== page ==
Tigers, Not Daughters by Samantha Mabry: Five Stages of Grief

Hi friends and welcome to my first MORAL OF THE STORY post! Moral of the Story is a series where you come to understand more about young adult books. It looks like an essay I made on my literature class, but make it YA books instead. Here, you’ll find character studies, hidden messages, endings explained and many more along the way! I’m so excited to share it with you guys.

So, for my first post, I’ll be analyzing Samantha Mabry’s new book, Tigers, Not Daughters. I hope you enjoy!

by Samantha Mabry

Expected publication: 24 March 2020 by Algonquin Young Readers
Genres: young adult, contemporary

Rating: 5 out of 5.


The Torres sisters dream of escape. Escape from their needy and despotic widowed father, and from their San Antonio neighborhood, full of old San Antonio families and all the traditions and expectations that go along with them. In the summer after her senior year of high school, Ana, the oldest sister, falls to her death from her bedroom window. A year later, her three younger sisters, Jessica, Iridian, and Rosa, are still consumed by grief and haunted by their sister’s memory. Their dream of leaving Southtown now seems out of reach. But then strange things start happening around the house: mysterious laughter, mysterious shadows, mysterious writing on the walls. The sisters begin to wonder if Ana really is haunting them, trying to send them a message—and what exactly she’s trying to say.


I received digital copy review from Algonquin Young Readers via Edelweiss+. This does not affect my review in any way; all opinions are my own.

Tigers, Not Daughters is a powerful story that revolves around grief and sisterhood. It’s a tale about three sisters who struggle to survive after their sister’s death; in dealing with their alcoholic widowed father to strange events that happened in their house. Each sisters have their own way to deal with their grief. Meet the Torres sisters; Ana, Iridian, Jessica and Rosa. They long for a freedom, away from their house. They want to go anywhere but San Antonio. They want to runaway and never go back. But Ana’s dead and there’s nothing they can do about it.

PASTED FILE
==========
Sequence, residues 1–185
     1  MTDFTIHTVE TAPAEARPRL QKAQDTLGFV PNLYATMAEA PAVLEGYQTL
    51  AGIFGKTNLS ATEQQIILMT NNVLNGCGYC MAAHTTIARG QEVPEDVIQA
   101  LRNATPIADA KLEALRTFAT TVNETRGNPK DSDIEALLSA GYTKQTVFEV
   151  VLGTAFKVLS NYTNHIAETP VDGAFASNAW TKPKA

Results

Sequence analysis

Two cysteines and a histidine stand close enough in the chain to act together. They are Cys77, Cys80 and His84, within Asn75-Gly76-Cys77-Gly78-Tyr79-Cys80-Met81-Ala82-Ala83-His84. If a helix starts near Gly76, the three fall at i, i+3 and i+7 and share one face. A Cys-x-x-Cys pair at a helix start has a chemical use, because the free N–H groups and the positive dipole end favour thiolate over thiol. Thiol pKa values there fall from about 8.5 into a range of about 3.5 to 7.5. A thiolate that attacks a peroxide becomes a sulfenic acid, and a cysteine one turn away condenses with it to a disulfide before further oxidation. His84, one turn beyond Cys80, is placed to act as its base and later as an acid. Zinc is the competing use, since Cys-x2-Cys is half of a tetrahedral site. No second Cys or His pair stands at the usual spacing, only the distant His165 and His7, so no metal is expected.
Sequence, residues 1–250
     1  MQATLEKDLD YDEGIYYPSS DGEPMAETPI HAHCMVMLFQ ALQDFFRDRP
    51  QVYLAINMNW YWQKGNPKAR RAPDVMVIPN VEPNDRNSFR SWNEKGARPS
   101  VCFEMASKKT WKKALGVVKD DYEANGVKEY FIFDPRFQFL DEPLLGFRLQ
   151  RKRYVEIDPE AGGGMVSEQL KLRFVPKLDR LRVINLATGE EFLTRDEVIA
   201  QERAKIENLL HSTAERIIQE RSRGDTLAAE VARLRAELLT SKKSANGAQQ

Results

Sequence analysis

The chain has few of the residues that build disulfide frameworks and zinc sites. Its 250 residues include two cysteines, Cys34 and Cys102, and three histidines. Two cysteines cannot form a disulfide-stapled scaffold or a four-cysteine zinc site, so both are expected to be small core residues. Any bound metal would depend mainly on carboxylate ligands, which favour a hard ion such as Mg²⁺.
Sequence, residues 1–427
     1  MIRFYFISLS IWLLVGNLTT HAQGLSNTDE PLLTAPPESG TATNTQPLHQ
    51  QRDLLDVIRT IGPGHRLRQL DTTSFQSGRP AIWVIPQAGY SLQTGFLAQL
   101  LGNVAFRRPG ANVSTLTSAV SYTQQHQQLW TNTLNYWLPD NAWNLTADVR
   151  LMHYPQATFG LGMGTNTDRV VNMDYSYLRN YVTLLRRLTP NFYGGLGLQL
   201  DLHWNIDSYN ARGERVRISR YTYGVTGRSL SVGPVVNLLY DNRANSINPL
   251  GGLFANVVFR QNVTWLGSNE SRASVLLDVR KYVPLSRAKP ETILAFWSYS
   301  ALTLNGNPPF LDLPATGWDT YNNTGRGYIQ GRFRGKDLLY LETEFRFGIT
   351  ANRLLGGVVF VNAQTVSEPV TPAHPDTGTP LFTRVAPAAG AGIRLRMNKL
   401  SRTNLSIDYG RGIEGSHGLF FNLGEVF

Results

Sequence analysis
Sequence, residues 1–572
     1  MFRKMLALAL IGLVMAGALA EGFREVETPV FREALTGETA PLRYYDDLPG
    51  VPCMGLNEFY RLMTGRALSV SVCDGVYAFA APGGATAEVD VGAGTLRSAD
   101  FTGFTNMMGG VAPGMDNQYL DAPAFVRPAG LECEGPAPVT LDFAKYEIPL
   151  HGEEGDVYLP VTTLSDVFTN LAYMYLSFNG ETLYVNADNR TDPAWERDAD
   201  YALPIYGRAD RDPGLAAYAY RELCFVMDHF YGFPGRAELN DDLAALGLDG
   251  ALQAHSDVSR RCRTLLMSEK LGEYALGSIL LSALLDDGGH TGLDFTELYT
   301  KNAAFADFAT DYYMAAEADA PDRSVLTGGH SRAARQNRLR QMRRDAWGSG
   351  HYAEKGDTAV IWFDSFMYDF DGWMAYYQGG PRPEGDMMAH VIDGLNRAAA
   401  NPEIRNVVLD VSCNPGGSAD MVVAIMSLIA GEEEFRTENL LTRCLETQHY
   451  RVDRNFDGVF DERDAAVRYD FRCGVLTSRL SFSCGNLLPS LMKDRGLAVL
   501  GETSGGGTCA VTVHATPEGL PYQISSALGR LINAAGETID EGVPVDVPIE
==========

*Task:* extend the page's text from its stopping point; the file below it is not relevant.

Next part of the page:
The story takes place about a year after Ana’s death and it’s told from each sister’s point of view. Samantha Mabry successfully created a story about grieving for the loss of your loved one; the truth about healing, huge wave emotions the Torres experience, the courage to move on and continue with life. Her writing is lyrical and honest; she didn’t need to sugarcoat the truth about losing your loved one nor romanticizing problematic issues and toxic behaviors we often see and experience when we’re grieving.

It’s not hard to get lost in Mabry’s world. Her story is so atmospheric it feels like you’re in San Antonio watching the sisters go on their day to day basis. She stirred her story from normal life in a small city to supernatural event without feeling like it’s out of place. The essential part of the story remained consistent. It’s still centered around the life of the sisters’ coping mechanism.

Aside from the imaginative writing, other thing that stands out the most book is how the Torres family represents five stages of grief. Grief is a normal reaction to the loss of someone or something. People experience grief differently and the Torres are no exception. According to Elisabeth Kübler-Ross, there are five stages of grief people may experience; denial, anger, bargaining, depression and acceptance. So how do they represent the five stages of grief?


After Ana’s death, Jessica started working in local pharmacy and is the only sister who bothers to take care of their father. She is not used to be the oldest daughter—to be the one who needs to look after her sisters at the same time taking care of herself. For Jessica, the way to move from her sister’s death is to shove down her anger and pain. Because Iridian and Rosa depends on Jessica for everything. If there’s something happened, they’d call Jessica. When their dad was hard to handle, they would leave it to Jessica.

And that’s how Jessica Torres breaks.

She is angry at Ana for leaving her with a broken family. She is angry at people who dared to say bad things about Ana. She is angry at the boys accros the street for ruining everything. She is angry at her boyfriend for all the abuse and emotional trainwreck he puts her in. She is angry that her neighborhood knew everything about her miserable life.

Jessica is angry at herself, she just needs a better outlet to let her anger out. So, she coped with her sister’s death by becoming Ana. But, it seems like Jessica is punishing herself rather than coping with her grief.


Despite being the youngest sister, Rosa is the wisest one. Throughout the story, reading Rosa’s perspective is the most painful one for me. Even though she is twelve when Ana died, it seems like Rosa is the one who keeps the sisters together.

She is different from Iridian and Jessica, in a way that I feel like Rosa acts older than her actually age. Whereas the family lost their faith and stop believe in miracle, Rosa still goes to church every Sunday. She still believe that she is connected to the universe. Rosa’s innocence is showed by the way she wants to communicate to animals around the neighborhood. Not talking, communicating. Rosa has the purest heart that makes her the sister’s emotional support.